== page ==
Instead of figuring out the solution by yourself, consider reaching out to a loved one or a trusted family member. You don’t necessarily have to ask for advice; if it’s only a sympathetic ear you need, the people who truly know you and care about you will respect your choice. However, if you find your relationship going through the adverse effects of negative emotions, you can always seek professional help such as marriage counselling.

3. A thriving career.

One of the most common but downplayed symptoms of unhappiness at work is mentally holding on to the weekend for dear life and wishing you could delay Monday’s arrival.  Such a scenario might be easy for some to shrug off and just get along with work, but if you have a serious case of procrastination, it’s time you do something about it.

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Being stressed at work is all right as long as you still get the satisfaction of doing your job the way you did when you started. Whether it’s the corporate ladder you chose to climb, or started your own enterprise, or pursued your calling in the arts, it’s important that you are genuinely happy about your work. Otherwise, you risk doing half-baked tasks and recording a poor performance–all of which can severely affect your career.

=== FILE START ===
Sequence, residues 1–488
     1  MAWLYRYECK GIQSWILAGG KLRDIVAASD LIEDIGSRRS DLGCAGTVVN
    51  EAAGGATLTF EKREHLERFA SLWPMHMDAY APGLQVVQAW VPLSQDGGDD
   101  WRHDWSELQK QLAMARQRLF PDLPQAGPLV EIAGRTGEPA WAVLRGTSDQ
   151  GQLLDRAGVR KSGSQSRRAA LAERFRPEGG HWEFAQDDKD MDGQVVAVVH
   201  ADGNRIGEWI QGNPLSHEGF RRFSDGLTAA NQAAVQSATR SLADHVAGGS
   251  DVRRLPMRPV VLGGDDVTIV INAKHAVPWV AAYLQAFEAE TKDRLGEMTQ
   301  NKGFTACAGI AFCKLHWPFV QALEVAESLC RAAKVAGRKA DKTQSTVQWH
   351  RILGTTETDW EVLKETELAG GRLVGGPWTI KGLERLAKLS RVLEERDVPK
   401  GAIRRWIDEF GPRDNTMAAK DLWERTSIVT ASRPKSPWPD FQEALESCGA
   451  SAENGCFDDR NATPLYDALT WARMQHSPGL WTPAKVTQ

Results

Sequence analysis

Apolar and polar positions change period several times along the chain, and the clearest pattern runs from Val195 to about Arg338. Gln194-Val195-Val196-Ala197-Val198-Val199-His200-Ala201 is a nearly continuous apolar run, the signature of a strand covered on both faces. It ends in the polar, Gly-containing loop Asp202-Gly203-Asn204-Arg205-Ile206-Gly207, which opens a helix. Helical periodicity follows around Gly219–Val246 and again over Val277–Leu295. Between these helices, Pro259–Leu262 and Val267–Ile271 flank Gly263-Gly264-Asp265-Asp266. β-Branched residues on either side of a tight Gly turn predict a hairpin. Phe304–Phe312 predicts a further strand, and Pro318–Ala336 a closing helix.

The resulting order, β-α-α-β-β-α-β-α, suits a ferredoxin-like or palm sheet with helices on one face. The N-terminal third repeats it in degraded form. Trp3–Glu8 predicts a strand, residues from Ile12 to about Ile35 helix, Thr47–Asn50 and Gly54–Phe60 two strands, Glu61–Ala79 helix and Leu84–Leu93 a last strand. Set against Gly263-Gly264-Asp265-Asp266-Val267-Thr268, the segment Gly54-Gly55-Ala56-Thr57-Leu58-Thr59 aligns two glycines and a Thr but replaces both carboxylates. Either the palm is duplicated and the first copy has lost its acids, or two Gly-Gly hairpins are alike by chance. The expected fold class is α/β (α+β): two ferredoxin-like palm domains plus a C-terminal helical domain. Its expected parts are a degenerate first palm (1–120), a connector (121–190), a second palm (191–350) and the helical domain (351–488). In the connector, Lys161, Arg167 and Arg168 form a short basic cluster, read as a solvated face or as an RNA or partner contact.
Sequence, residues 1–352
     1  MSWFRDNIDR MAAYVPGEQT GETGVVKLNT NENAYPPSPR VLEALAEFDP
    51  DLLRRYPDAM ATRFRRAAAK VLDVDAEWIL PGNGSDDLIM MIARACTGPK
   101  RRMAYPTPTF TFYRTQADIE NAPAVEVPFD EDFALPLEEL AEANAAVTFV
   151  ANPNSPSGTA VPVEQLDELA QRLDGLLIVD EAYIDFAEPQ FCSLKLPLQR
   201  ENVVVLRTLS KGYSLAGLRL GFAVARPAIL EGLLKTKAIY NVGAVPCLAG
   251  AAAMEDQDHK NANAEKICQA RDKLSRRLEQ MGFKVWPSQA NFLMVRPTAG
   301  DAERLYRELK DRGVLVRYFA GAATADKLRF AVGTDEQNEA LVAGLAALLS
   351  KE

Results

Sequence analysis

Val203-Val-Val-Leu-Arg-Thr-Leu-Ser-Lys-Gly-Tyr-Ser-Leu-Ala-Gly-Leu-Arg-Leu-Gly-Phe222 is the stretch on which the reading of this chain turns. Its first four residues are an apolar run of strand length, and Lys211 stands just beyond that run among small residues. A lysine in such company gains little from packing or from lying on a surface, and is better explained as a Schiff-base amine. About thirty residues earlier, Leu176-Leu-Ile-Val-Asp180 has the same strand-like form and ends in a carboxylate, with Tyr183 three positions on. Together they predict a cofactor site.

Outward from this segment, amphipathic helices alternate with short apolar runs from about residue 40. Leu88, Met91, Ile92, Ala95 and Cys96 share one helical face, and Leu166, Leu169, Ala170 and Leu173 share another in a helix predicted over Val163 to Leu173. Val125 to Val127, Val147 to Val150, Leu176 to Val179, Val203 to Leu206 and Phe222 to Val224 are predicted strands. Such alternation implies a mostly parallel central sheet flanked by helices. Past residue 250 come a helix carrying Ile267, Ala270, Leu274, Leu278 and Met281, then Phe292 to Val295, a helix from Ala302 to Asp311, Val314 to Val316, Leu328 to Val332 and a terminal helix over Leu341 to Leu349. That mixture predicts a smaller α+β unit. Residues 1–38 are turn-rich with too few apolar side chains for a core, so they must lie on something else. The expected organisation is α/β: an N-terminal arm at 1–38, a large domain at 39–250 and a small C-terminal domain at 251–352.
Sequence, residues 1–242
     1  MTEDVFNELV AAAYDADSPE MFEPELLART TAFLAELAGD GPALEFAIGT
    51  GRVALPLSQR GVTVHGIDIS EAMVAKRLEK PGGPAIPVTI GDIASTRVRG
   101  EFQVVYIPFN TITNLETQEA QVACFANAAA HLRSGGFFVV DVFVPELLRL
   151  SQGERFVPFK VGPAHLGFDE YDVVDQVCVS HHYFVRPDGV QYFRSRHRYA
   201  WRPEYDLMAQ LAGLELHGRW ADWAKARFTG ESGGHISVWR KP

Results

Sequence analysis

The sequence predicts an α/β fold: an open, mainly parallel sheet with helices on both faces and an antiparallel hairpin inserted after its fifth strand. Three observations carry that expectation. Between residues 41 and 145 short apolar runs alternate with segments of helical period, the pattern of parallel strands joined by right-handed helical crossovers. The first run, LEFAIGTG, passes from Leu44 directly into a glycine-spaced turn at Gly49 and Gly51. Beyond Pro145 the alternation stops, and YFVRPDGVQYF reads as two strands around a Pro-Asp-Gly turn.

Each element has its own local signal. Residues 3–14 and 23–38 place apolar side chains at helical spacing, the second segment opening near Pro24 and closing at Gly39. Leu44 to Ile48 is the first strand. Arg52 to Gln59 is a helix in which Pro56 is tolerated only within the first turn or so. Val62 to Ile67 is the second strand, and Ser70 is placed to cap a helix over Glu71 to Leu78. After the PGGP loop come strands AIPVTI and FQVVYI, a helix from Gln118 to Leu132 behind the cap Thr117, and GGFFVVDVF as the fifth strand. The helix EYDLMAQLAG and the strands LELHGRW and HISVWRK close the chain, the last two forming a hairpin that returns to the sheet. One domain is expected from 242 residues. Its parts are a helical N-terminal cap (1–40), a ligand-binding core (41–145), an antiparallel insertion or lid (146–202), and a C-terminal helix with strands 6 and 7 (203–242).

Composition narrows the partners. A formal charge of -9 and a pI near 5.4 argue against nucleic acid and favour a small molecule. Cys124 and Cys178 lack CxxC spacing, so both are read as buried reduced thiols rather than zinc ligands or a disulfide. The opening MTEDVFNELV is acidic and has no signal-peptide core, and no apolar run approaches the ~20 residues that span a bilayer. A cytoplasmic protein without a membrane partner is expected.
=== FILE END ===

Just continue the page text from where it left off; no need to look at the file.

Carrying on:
Find ways to rearrange your work routine that will help you accomplish more tasks faster and smarter. If all else fails, you might want to consider quitting, because there is no point in staying in a job that you don’t look forward to doing.

4. A strong bond with your kids.

If your partner is on the front line of your domestic stress absorption committee, your kids come in as close second. For instance, you had a long day at work and you’re welcomed by your son badgering you to play with him. While it’s possible that you’ll give in the first few times, it’s also possible that you won’t when you become more and more tired in the office. On the other hand, if you have any inkling that your unhappiness affects your relationship with your children, take some time to look into the situation and see what you can do to avert a potential crisis.

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Exposing kids to stress can influence them to develop anxieties at an early age and have a conflicted relationship with you. What’s worse is if they develop an unhealthy point of view with having kids of their own in the future. So before you put your kids at risk of such behavior, take it upon yourself to foster between you and them the kind of bond that overlooks stress—a loving one.

5. Life is short.

Not everyone gets a chance, let alone a second one, at things, such as literally and figuratively having a life. If you take into account the reasons listed above and your future, you have more than enough reasons to let go of the things that make you unhappy and pursue what your heart is telling you to. Besides, sticking up for something that doesn’t make you happy only prolongs your agony.